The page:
Friday, March 8, 2013

THE POISONWOOD BIBLE by Barbara Kingsolver


A missionary family in the Congo discovers that they are ill-prepared for their work, and for the impact that Africa will have on them.


This is one of those rare novels that is dense and lyrical, and yet impossible to put down. It follows the journey of a Southern Baptist family to the depths of the Congo in 1959, where they are forever changed. Told primarily through the voices of the four daughters, with occasional, heart-breaking input from the mother, it is about being swept away in something bigger and darker and more beautiful than you could have predicted.

The father is a hard-nosed, obsessively passionate, violent man who refuses to be flexible and understand the needs and culture of the jungle village. He pits himself against Africa in the name of God's work, and his wife and daughters become the collateral damage. Meanwhile, they are affected by the people, the attitudes towards life and death, and the very atmosphere of the Congo. Spanning one intense year and then a lifetime of repercussions, the story unfolds through sickness, war, and abuse, and explores the complicated ways people are able to live with themselves.

Kingsolver's use of imagery, particular religious imagery, to weave her story is masterful. She molds language into five distinct voices, each providing a poetic and sometimes tortured perspective on the lives of women who find themselves, at least at first, in a place where they don't belong. Even the words are distinct for each character, with one making up words at will and another using them backwards, forwards, and sideways. The story is worth reading for the creation and evolution of those voices if nothing else. Beneath the language, we see the changes that take place in young women who have their entire worldviews shattered and rebuilt around them.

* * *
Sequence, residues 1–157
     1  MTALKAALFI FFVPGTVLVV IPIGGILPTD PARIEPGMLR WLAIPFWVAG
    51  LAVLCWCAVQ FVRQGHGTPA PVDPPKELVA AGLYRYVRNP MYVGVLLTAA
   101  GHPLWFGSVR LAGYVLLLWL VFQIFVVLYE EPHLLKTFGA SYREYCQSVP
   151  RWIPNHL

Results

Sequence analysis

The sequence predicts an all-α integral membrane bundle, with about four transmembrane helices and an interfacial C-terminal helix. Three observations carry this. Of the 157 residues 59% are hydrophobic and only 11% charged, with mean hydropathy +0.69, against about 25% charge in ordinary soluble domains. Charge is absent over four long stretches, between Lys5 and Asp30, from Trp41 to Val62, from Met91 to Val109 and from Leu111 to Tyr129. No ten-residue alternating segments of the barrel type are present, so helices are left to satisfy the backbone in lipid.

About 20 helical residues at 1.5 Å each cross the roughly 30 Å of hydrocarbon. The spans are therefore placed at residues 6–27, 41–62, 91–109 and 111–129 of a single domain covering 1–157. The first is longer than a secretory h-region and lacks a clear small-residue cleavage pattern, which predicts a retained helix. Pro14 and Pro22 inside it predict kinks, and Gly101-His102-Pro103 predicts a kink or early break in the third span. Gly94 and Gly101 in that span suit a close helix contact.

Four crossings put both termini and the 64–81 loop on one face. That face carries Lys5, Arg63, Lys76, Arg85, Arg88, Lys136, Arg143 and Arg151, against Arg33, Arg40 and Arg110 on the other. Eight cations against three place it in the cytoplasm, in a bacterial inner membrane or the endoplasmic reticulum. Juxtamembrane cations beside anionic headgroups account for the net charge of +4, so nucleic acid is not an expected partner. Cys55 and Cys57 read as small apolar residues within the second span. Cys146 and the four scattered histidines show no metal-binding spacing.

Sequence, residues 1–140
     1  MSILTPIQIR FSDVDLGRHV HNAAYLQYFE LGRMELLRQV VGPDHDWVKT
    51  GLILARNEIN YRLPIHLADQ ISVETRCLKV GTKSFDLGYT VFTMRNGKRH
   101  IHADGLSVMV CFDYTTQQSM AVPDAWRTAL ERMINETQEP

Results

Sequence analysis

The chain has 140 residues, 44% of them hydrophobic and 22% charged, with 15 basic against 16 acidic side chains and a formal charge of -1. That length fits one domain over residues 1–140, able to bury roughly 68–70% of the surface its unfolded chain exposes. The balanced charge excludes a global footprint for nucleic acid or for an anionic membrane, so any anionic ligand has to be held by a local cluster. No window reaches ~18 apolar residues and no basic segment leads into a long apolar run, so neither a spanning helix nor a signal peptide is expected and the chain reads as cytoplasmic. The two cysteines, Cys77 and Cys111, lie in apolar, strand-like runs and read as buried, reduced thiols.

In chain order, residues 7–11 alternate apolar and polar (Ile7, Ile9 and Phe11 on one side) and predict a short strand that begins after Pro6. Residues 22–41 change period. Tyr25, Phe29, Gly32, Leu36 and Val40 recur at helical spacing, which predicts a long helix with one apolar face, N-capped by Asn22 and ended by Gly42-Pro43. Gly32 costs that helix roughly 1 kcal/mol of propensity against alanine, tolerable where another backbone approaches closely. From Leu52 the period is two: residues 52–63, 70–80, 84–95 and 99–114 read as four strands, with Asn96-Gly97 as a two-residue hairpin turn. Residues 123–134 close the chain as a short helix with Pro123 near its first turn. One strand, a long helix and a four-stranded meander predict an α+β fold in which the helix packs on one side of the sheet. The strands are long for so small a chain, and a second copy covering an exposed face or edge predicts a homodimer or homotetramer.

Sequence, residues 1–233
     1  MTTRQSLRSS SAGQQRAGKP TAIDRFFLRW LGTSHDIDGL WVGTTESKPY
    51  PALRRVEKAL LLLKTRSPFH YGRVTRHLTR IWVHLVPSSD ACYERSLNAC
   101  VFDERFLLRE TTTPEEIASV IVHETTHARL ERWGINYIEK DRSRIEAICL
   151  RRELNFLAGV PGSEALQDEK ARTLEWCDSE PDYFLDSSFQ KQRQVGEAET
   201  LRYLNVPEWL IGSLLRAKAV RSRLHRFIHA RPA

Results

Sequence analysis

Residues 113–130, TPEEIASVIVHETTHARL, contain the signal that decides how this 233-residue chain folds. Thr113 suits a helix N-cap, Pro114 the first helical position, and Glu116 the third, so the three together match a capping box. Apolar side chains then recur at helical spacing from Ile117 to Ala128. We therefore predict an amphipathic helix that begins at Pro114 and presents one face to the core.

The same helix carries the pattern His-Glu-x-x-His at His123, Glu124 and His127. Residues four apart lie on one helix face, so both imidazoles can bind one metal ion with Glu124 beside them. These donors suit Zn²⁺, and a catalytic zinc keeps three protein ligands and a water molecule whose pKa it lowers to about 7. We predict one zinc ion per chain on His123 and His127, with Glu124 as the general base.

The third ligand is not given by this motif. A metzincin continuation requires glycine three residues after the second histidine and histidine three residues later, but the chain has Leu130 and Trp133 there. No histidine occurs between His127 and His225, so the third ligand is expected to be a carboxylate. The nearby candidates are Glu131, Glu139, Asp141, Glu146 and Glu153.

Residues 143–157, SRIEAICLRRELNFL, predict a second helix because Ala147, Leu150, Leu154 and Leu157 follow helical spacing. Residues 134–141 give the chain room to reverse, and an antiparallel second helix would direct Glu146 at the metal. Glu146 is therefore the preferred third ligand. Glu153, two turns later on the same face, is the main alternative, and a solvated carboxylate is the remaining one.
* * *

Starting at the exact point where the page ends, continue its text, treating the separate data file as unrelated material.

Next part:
Barbara Kingsolver's website


I bought the e-book for a couple of dollars when it was the Kindle Daily Deal. It's currently $8.24.


According to Leah and Adah, Rachel does not change at her core throughout the whole of her life. Arguably, Nathan also does not change. Do you think this is true and/or possible given their personalities?

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